A Vancouver, B.C. man has pleaded guilty to human smuggling offenses, after being accused of running an elaborate scheme that may have helped hundreds of Chinese citizens illegally cross the border at Peace Arch State Park.
In B.C. provincial court on July 29, Michael Kong, 62, pleaded guilty to four of the seven counts of human smuggling of which he has been accused. The offenses to which Kong has pleaded carry a mandatory minimum sentence of three years in jail, if Crown prosecutors can prove that the crimes were committed for profit or in association with organized crime. The Crown is seeking a sentence that exceeds the minimum.
According to a story by the National Post, Kong operated a smuggling operation that brought Chinese nationals into Canada illegally. First, they flew to the U.S. on valid travel visas, before making their way to Seattle. After getting dropped off at or near Peace Arch State Park in Blaine, they simply walked to the Canadian side of the park, which connects the U.S. and Canada and has no physical barriers.
An email uncovered during the investigation and translated from Chinese instructed the border crossers to “smile” and “be natural” when walking through the park, and to pretend to take pictures. “If someone questions, the answer is, I’m only tourist … not going to Canada,” the email reportedly said.
The border crossers were then picked up on the Canadian side of the park and transported to Canadian cities, where many of them later filed refugee claims. The scheme may have helped hundreds of Chinese citizens enter Canada illegally. Electronic ledgers, or “score sheets,” found on a computer in Kong’s home listed the names of more than 900 foreign nationals believed to have been smuggled between 2011 and 2016.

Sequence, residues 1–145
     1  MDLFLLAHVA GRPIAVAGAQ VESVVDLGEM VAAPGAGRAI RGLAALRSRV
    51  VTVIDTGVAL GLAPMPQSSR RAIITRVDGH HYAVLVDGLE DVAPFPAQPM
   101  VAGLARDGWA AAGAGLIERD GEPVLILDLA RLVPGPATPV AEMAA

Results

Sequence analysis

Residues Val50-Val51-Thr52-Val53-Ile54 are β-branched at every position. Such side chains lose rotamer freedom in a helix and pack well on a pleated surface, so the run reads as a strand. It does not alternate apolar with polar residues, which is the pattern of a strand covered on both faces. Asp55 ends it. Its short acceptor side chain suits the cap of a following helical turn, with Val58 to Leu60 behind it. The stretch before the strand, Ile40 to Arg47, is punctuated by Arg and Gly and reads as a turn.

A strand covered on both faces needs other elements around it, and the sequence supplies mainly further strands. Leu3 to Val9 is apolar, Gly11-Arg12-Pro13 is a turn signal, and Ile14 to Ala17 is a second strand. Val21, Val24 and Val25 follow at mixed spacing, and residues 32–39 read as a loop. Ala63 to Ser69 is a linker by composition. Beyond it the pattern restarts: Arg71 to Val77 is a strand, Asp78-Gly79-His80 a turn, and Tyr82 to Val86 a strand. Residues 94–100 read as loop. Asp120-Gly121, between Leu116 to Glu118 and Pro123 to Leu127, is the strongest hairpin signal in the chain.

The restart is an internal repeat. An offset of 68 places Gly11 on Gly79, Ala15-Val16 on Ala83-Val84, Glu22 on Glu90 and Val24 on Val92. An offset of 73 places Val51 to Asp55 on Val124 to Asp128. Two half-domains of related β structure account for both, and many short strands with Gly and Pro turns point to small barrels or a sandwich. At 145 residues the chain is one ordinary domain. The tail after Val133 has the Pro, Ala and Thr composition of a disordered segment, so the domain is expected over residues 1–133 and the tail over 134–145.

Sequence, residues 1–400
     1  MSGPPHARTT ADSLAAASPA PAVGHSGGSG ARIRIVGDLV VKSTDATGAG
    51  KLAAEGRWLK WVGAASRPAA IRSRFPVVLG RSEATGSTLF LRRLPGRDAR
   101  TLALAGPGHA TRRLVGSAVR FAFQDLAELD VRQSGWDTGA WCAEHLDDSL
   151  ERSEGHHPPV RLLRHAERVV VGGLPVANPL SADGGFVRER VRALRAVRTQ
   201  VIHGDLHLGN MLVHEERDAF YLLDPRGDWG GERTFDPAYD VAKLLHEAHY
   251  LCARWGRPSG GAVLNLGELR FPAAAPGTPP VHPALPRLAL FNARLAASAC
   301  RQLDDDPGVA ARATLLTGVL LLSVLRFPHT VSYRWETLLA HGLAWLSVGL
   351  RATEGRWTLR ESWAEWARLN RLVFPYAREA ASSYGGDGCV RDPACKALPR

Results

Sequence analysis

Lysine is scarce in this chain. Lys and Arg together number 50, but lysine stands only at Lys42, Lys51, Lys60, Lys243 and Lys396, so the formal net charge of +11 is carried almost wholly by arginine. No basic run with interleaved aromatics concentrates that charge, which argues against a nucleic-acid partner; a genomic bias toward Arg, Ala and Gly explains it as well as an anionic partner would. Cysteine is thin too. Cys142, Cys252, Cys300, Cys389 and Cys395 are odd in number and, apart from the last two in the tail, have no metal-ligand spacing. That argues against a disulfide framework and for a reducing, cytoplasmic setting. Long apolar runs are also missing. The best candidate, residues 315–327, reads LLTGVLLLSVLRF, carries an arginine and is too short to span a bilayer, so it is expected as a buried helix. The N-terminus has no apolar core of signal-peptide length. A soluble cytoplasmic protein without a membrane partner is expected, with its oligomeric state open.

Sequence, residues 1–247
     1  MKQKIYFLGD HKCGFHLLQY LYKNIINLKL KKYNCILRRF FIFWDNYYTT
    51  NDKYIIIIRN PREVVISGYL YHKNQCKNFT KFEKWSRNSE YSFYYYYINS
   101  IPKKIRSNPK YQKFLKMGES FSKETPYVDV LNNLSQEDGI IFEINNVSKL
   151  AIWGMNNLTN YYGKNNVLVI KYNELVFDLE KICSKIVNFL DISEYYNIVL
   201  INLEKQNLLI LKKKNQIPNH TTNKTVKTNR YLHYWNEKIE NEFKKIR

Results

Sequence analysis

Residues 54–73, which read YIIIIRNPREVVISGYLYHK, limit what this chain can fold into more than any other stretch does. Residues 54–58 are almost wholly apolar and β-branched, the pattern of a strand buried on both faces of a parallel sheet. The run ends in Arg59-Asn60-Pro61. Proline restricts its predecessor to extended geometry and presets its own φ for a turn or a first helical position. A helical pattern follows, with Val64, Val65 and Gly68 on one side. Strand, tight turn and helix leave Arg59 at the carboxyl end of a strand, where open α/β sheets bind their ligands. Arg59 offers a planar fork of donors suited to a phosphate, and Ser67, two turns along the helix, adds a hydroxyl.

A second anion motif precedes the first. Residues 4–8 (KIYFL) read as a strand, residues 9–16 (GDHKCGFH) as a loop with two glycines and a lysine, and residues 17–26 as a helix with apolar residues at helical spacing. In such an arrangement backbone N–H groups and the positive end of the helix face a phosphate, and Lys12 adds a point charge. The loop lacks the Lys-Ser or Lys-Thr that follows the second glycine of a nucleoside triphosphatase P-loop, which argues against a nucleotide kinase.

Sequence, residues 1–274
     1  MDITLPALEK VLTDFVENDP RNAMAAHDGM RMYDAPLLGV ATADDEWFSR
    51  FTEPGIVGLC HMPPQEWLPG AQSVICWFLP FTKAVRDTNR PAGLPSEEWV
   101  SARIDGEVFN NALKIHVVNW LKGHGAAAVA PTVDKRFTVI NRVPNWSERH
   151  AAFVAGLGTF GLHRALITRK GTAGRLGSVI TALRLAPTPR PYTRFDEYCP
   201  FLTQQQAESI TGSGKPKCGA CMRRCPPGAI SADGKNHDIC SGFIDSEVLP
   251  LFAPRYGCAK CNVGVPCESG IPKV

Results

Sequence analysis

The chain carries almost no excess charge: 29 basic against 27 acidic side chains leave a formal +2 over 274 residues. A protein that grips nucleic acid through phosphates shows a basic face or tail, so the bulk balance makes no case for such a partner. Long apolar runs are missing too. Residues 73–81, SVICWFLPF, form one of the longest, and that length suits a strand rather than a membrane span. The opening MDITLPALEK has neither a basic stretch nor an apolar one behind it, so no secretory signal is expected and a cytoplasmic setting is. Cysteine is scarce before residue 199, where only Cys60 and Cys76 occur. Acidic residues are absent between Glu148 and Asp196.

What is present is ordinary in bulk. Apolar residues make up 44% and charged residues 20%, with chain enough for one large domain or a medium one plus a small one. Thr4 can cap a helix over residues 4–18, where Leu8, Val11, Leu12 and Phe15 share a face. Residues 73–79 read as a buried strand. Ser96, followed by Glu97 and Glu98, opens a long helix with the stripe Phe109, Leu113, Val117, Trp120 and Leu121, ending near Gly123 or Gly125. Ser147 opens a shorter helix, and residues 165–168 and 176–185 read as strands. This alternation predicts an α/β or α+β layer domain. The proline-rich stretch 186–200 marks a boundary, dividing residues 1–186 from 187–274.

Kong was arrested in September 2018 and was charged under section 117 of Canada’s Immigration and Refugee Protection Act with seven counts related to human smuggling between 2014 and 2015 involving 34 migrants, some of them children. Kong’s adult son Matthew is also accused of participating in the scheme, and has pleaded not guilty to lesser charges under the same act.
The National Post’s investigation revealed lax oversight at the park, and found that Canadian authorities could not agree on which agency – the CBSA or the RCMP – was responsible for patrolling the Canadian side of the park.